Article

Tubular photobioreactor design for algal culture. J Biotech

Department of Chemical Engineering, University of Almería, E-04071 Almeria, Spain.
Journal of Biotechnology (Impact Factor: 2.87). 01/2002; 92(2):113-31. DOI: 10.1016/S0168-1656(01)00353-4
Source: PubMed

ABSTRACT

Principles of fluid mechanics, gas-liquid mass transfer, and irradiance controlled algal growth are integrated into a method for designing tubular photobioreactors in which the culture is circulated by an airlift pump. A 0.2 m(3) photobioreactor designed using the proposed approach was proved in continuous outdoor culture of the microalga Phaeodactylum tricornutum. The culture performance was assessed under various conditions of irradiance, dilution rates and liquid velocities through the tubular solar collector. A biomass productivity of 1.90 g l(-1) d(-1) (or 32 g m(-2) d(-1)) could be obtained at a dilution rate of 0.04 h(-1). Photoinhibition was observed during hours of peak irradiance; the photosynthetic activity of the cells recovered a few hours later. Linear liquid velocities of 0.50 and 0.35 m s(-1) in the solar collector gave similar biomass productivities, but the culture collapsed at lower velocities. The effect of dissolved oxygen concentration on productivity was quantified in indoor conditions; dissolved oxygen levels higher or lower than air saturation values reduced productivity. Under outdoor conditions, for given levels of oxygen supersaturation, the productivity decline was greater outdoors than indoors, suggesting that under intense outdoor illumination photooxidation contributed to loss of productivity in comparison with productivity loss due to oxygen inhibition alone. Dissolved oxygen values at the outlet of solar collector tube were up to 400% of air saturation.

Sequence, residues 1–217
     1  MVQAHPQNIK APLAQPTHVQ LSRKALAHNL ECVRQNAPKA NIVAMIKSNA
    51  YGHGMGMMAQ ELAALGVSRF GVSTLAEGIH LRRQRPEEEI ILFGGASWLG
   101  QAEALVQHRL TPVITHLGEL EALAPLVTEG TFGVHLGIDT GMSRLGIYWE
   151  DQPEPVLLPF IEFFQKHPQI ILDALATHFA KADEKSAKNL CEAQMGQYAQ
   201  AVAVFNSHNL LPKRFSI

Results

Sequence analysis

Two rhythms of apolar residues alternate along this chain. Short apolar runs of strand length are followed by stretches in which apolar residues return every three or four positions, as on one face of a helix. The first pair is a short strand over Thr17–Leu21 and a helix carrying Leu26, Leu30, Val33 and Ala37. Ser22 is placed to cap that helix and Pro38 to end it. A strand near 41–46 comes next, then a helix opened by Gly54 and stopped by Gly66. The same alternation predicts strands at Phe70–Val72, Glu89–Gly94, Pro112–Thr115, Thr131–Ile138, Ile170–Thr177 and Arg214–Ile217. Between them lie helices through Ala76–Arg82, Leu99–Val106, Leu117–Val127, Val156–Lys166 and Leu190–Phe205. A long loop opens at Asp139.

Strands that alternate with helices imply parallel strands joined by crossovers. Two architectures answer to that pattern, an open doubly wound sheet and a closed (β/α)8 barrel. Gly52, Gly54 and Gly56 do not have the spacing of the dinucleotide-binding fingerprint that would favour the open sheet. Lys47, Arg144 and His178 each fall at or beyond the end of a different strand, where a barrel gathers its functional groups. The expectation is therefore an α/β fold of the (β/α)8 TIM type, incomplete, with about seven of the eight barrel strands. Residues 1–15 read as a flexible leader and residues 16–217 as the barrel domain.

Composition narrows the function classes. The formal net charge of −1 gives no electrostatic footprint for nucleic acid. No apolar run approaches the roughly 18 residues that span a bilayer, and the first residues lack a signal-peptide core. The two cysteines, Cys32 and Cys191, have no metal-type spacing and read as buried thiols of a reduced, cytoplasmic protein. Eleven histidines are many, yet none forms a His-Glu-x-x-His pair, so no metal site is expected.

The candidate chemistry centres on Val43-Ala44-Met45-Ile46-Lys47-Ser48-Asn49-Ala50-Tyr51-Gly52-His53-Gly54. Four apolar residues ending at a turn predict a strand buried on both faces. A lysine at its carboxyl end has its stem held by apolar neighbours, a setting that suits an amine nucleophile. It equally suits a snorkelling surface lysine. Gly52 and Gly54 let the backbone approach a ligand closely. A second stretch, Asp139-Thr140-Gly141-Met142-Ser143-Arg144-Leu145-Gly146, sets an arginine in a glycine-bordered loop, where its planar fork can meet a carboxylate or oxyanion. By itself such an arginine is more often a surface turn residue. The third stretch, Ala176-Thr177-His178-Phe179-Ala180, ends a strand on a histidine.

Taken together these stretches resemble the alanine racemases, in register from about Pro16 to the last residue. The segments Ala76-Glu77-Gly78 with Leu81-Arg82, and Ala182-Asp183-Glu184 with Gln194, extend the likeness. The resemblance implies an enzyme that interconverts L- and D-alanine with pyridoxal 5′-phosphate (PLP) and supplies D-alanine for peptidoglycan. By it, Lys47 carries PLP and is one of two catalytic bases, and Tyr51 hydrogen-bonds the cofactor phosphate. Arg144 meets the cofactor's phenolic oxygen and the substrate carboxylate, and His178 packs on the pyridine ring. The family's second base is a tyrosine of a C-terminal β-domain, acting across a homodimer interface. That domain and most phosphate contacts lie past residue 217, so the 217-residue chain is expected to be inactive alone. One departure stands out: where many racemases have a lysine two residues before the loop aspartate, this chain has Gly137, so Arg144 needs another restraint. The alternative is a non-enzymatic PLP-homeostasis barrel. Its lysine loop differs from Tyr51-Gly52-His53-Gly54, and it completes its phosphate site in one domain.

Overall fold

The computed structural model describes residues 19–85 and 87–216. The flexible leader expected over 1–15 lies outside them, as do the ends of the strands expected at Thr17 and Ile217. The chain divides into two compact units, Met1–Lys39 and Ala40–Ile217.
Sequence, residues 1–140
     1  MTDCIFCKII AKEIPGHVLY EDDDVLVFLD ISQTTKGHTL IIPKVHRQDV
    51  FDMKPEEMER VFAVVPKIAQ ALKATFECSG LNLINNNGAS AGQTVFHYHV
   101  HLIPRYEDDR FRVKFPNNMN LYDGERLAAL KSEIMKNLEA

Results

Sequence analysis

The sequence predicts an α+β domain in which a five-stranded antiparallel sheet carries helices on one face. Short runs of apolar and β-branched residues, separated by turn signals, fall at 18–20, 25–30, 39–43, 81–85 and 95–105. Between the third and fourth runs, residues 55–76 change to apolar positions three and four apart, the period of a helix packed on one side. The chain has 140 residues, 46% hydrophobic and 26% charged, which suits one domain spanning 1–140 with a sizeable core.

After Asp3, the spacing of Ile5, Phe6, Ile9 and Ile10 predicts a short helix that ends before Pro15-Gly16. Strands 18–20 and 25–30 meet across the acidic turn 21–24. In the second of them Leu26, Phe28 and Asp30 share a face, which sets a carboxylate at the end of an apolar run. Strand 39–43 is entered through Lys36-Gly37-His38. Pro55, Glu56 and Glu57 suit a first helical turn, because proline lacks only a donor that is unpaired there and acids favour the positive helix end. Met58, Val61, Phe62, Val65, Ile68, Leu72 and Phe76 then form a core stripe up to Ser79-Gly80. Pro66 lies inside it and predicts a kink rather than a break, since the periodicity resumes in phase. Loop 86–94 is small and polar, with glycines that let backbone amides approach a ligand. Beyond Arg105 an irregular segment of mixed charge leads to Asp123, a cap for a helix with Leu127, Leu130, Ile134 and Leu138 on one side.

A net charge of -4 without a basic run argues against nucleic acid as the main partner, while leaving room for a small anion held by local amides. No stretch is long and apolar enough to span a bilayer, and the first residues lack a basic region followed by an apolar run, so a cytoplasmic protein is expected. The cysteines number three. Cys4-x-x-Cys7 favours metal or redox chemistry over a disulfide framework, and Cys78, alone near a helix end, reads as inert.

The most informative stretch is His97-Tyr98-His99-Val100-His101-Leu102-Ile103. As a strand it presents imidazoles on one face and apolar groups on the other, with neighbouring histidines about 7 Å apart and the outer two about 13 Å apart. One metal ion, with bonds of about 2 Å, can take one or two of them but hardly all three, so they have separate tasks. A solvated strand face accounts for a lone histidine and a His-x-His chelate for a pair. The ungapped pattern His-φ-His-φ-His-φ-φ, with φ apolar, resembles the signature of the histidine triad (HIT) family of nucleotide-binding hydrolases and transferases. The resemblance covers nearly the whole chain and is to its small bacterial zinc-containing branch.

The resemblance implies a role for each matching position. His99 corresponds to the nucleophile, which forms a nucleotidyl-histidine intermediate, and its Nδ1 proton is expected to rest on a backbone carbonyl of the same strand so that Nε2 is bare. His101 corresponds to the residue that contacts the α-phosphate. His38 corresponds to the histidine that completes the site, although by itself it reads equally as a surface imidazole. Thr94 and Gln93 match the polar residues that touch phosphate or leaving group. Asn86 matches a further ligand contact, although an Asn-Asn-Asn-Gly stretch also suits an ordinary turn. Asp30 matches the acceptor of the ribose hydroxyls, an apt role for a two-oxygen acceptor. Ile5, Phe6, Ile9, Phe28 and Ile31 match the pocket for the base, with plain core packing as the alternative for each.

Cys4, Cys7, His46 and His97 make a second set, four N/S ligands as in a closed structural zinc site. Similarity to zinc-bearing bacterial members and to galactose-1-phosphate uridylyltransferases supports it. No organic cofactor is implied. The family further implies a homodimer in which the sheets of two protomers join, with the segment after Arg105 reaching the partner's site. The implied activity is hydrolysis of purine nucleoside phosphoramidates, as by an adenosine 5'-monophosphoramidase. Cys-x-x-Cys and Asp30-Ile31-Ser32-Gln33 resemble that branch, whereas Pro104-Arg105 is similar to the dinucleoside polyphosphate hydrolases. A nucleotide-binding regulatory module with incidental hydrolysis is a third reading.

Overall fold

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    • "It is the volume ratio of the gas phase in the distribution between gas and liquid phases or the residence time of the gas in the liquid. Given that aeration can occur in the riser, gas hold-up in the riser should be higher than the downcomer (without aeration) to create a liquid circulation pattern (Blanco et al., 2013; Molina et al., 2001; Wang et al., 2012). The design volume of the reactor and the gas–liquid contact area for mass transfer also depend on the gas hold-up, which is related to the bubble size and gas–liquid interfacial area for mass transfer. "